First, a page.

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Locals may feel trickle down effect of U.S. Postal Service’s rate hikes

Although the cost of mailing a First-Class letter hasn’t been affected by the postage rate increase, residents may still see an increase in goods and services.

Sunday, May 20, 2001

Although the cost of mailing a First-Class letter hasn’t been affected by the postage rate increase, residents may still see an increase in goods and services.

The potential increase in cost may stem from the amount businesses and government agencies using Express Mail and Certified Mail have to pay to send those items via the post office. With the increased cost of postage, the consumer may pay the expense the businesses will incur.

County Auditor Ray Dutey said his office sends certain items certified about twice a year. He said the increase will affect the budget in some ways.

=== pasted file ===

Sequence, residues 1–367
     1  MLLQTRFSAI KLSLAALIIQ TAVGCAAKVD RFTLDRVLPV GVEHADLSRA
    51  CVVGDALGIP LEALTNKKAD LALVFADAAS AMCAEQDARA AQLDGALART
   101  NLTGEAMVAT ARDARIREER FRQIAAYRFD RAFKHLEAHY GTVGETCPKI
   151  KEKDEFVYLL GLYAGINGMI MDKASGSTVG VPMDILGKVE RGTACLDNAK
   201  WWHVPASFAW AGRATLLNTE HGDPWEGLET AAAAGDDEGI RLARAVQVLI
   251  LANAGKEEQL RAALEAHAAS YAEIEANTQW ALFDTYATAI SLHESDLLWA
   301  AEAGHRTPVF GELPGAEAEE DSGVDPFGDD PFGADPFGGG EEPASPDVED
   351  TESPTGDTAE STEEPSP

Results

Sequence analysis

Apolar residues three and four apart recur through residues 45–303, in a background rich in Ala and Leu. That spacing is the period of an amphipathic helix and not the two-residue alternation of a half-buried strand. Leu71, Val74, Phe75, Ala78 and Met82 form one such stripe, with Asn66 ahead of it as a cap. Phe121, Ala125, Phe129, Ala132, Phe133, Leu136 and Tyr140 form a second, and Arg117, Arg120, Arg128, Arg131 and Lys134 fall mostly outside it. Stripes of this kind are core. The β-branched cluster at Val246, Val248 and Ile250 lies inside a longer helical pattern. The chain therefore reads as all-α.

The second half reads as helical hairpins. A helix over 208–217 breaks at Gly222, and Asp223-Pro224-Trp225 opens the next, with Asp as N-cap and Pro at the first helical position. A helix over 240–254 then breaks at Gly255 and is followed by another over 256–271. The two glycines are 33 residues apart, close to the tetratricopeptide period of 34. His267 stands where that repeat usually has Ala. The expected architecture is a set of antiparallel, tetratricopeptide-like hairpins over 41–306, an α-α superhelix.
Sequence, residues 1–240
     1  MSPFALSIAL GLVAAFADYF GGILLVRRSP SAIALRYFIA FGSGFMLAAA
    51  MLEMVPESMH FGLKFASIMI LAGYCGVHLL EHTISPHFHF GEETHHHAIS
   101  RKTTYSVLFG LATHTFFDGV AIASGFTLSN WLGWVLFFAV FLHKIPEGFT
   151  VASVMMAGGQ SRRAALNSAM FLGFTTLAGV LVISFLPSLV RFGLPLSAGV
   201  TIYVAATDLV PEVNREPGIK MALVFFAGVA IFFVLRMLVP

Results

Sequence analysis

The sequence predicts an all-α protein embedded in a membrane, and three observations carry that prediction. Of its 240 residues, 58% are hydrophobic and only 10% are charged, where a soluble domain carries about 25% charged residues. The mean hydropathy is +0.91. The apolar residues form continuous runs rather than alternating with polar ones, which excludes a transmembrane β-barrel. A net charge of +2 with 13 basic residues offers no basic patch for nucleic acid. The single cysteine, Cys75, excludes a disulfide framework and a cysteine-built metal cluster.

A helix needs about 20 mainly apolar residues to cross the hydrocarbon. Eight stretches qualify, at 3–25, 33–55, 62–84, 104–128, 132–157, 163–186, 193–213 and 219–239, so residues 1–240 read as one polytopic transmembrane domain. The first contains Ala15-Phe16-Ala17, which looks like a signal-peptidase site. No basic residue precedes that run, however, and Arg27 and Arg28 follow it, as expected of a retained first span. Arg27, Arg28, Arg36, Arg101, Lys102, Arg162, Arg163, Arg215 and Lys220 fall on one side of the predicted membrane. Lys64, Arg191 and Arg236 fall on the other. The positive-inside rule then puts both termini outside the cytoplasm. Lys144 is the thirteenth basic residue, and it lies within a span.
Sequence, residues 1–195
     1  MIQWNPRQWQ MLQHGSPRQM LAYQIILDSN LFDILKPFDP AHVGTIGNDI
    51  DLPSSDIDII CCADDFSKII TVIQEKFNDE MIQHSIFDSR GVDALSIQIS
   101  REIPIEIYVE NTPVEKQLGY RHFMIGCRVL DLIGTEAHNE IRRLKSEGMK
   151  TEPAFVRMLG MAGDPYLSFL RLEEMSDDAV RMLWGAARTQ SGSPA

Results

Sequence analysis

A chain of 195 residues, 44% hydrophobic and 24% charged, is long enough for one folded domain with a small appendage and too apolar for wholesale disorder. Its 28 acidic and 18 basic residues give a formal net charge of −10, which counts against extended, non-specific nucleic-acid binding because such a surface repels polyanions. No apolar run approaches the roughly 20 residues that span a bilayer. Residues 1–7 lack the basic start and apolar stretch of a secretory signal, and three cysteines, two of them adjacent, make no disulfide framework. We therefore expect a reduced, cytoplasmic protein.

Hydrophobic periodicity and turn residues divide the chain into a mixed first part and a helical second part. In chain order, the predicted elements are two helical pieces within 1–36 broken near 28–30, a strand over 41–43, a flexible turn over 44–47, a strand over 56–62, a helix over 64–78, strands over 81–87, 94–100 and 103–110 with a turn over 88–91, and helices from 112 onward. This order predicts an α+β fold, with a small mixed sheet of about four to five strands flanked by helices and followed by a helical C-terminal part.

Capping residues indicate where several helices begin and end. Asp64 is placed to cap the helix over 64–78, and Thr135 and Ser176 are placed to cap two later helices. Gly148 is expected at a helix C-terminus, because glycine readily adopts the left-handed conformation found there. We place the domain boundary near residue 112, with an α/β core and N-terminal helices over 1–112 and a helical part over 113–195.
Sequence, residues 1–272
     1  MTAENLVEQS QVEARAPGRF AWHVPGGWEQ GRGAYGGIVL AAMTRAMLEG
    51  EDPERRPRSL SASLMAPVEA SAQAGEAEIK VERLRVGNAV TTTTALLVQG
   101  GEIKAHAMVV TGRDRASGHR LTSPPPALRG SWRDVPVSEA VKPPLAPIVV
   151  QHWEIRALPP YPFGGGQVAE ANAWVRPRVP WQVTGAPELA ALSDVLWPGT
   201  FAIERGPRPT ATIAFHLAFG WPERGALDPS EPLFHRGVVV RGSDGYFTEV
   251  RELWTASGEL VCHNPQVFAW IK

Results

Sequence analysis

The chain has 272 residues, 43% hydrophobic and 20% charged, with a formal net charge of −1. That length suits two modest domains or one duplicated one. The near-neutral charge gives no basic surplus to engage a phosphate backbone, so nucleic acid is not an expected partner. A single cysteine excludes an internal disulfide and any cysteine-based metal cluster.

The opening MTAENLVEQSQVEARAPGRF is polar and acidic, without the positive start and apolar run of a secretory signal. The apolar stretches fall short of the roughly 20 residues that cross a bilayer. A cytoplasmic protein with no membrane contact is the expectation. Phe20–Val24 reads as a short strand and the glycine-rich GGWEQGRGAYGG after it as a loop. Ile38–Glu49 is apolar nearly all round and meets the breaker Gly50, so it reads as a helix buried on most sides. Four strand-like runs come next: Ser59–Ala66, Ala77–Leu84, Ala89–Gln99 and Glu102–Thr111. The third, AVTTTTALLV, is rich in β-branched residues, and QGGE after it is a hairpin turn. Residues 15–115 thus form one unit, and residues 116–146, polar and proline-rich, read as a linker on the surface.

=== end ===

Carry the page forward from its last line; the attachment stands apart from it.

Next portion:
"The way the county’s budget is, every little bit adds up," Dutey said.

The reason for the rate hike, the Postal Service explains, is based on budgetary reasons. The Postal Service delivers about 200 billion parcels of mail a year and relies on the money charged for postage to keep the agency running.

Since the Postal Service operates without tax dollars, money must be generated through the products the agency sells.

The Postal Service defends its rate hike using common economic principles. In a memo, the Postal service responded to the rate hike stating, "like all businesses, the Postal Service must periodically raise the prices it charges for its services to cover increases in the cost of doing business and to sustain high quality universal service."